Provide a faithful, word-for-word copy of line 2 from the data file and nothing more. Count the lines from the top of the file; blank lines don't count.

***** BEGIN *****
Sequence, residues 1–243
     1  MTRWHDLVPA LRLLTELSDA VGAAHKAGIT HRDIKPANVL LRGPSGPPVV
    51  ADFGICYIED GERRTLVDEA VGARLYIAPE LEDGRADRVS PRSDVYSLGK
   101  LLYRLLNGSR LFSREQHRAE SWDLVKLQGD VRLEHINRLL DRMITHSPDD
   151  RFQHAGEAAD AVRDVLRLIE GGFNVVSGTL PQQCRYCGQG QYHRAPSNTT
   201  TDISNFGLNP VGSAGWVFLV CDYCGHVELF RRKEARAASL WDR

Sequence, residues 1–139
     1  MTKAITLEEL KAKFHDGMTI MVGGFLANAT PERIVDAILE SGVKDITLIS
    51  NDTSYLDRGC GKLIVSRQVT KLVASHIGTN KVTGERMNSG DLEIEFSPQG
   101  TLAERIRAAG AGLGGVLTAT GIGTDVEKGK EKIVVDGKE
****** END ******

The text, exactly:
     1  MTRWHDLVPA LRLLTELSDA VGAAHKAGIT HRDIKPANVL LRGPSGPPVV